Austrian newspaper ‘Kronen Zeitung’ recorded the world record jump: "Concentrated run-up, a powerful jump, energetic stretching over the bar – and Ilona had done it. Then another incredulous look at the bar, which wobbled slightly in the wind but stayed up. New world record!"

With another first-time clearance, Gusenbauer had finally succeeded in clearing 1.92m.

“It was a great, a crazy day,” she recalls. “My pulse was crazy high before the jump. It shouldn't be too high, but I had the will to jump a world record that day.”

Ilona Gusenbauer with her world record figures

Ilona Gusenbauer with her world record figures (© Kristian Bissuti)

Balas dethroned

The legendary Balas was dethroned. From 1956 to 1961, the Romanian was the all-time high jumper. She set 14 world records, the first in 1956 with 1.75m, the last on 16 July 1961 in Sofia with 1.91m. Balas celebrated 150 victories in a row and was Olympic champion in 1960 and 1964.

The winter before, Gusenbauer had also broken Balas’s world indoor record, clearing 1.87m in Vienna on 6 February 1970 to add one centimetre to Balas’s nine-year-old record. At the first European Indoor Championships one month later, also in Vienna, Gusenbauer raised her record to 1.88m and then one year later she increased it to 1.89m.

After her record-breaking 1971 campaign and her strong 1972 indoor season, Gusenbauer was one of the favourites for the Olympic Games in Munich. At the same time, she fuelled the debate that had been raging since 1968 as to whether women could jump higher with the Fosbury flop or the straddle.

The first answer came in Munich when 16-year-old Ulrike Meyfarth sensationally won gold as a flop jumper, equalling the world record of 1.92m – exactly one year after Gusenbauer’s record leap. In an unforgettable competition, Gusenbauer took bronze with 1.88m. Yordanka Blagoeva came second, also with 1.88m, then the Bulgarian improved the world record to 1.94m three weeks later.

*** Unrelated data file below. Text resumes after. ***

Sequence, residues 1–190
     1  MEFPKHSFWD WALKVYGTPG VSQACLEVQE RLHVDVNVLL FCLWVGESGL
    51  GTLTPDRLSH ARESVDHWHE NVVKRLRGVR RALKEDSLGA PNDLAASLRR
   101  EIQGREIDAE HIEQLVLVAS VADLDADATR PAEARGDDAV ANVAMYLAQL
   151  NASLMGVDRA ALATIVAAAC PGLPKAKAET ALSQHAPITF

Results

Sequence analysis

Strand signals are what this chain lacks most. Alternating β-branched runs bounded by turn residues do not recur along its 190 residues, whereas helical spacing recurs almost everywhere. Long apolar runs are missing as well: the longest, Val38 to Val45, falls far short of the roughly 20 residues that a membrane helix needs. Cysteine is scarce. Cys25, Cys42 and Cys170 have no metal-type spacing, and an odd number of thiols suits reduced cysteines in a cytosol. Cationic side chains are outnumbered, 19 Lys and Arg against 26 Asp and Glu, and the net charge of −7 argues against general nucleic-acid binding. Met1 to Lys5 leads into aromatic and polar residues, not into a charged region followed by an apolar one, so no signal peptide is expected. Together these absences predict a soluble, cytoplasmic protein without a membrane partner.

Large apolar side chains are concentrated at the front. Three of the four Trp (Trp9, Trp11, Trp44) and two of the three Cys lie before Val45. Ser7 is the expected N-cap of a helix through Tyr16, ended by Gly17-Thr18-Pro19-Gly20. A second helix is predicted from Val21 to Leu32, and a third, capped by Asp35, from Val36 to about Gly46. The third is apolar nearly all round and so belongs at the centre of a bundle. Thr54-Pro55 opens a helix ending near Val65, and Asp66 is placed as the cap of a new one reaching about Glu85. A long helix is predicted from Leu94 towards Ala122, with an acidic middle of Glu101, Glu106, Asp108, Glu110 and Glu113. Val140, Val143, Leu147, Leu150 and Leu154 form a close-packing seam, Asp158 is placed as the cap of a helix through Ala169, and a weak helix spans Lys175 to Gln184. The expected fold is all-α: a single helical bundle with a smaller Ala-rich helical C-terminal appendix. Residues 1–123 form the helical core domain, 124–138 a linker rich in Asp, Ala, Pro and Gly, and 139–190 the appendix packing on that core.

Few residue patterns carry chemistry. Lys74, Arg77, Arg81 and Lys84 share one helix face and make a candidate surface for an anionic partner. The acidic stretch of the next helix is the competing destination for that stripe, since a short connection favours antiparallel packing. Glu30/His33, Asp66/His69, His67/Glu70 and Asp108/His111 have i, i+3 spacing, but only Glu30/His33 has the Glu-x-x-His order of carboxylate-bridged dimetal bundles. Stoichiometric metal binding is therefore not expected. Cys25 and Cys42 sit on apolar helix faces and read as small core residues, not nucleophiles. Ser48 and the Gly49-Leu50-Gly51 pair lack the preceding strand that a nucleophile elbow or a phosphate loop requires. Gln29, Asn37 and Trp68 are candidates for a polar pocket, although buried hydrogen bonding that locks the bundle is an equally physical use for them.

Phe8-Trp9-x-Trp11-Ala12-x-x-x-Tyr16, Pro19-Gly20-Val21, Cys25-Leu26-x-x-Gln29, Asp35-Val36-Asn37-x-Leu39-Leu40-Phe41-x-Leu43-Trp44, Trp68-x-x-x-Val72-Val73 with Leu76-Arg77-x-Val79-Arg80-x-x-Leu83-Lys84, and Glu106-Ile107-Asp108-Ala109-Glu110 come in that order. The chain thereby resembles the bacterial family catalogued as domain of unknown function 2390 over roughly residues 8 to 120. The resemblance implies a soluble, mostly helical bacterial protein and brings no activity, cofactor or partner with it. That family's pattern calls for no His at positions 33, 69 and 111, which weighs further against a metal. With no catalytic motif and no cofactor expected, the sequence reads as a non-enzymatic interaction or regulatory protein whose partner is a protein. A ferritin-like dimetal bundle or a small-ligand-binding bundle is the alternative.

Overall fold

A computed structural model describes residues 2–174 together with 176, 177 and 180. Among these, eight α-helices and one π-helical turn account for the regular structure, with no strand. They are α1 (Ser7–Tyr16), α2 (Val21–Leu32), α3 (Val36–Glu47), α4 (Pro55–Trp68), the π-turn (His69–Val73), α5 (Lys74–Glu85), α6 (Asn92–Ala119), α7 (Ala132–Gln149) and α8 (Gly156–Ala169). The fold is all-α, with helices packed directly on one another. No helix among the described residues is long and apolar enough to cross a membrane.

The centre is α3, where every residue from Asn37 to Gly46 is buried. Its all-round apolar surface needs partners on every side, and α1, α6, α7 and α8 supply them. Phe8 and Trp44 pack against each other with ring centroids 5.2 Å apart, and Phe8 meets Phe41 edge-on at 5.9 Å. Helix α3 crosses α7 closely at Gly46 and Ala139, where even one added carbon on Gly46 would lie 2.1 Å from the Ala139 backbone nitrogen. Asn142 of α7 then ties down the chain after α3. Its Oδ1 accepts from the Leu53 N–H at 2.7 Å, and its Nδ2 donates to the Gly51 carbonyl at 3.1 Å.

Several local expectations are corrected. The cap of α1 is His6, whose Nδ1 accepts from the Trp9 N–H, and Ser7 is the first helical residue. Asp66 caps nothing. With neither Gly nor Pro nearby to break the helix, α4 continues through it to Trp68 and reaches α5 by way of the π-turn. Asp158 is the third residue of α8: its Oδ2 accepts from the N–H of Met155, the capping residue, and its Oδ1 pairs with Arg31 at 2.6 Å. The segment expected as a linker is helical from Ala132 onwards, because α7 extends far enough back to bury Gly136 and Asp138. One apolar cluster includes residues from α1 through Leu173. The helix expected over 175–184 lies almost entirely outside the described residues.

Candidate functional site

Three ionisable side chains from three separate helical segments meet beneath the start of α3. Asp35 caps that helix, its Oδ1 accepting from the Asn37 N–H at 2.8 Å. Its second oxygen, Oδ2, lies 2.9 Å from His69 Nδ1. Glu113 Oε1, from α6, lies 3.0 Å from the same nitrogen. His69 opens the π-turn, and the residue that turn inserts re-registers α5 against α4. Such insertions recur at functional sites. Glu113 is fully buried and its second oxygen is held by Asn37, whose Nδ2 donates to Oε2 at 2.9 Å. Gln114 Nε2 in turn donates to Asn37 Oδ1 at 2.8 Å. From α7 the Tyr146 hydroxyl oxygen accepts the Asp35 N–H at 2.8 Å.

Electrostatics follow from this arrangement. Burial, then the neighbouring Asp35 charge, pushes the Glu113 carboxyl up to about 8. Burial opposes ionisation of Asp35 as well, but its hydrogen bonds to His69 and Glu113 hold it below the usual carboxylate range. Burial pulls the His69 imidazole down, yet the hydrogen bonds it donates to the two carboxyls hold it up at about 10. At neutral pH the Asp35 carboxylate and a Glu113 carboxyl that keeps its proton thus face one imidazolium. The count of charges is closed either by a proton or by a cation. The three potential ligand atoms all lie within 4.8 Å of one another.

Gusenbauer's brilliant forecast

Even though Meyfarth jumped using the flop, the straddle was far from dead. In 1971 Gusenbauer predicted that women would one day jump 2.00m with the straddle and 2.10m with the flop. In fact, Rosemarie Ackermann was the first woman in the world to jump 2.00m with the straddle on 16 August 1977 in Berlin, while the current world record has been held by Bulgaria’s Stefka Kostadinova since 30 August 1987, when she flopped over 2.09m at the World Championships in Rome.

Fifty years have flown by since Gusenbauer’s successes. Gusenbauer, who enjoys her peace and quiet in the countryside of lower Austria and is passionate about painting, will remain one of Austria's greatest track and field athletes.

Before the Second World War, sprinters like Maria ‘Mitzi’ Keller, Hilde Lahr and Adele Bierbrauner or throwers like Hilda Köppl and Lisl Perkaus (shot and discus), most of whom had unfortunately already been forgotten, had set world best performances or official world records. After 1945, however, only Herma Bauma in the javelin (1947 and 1948) and Liese Prokop in the pentathlon (1969) set world records in athletics for Austria – and Gusenbauer, whose world record plaque has now returned to World Athletics Heritage for display in the Museum of World Athletics.

Olaf Brockmann for World Athletics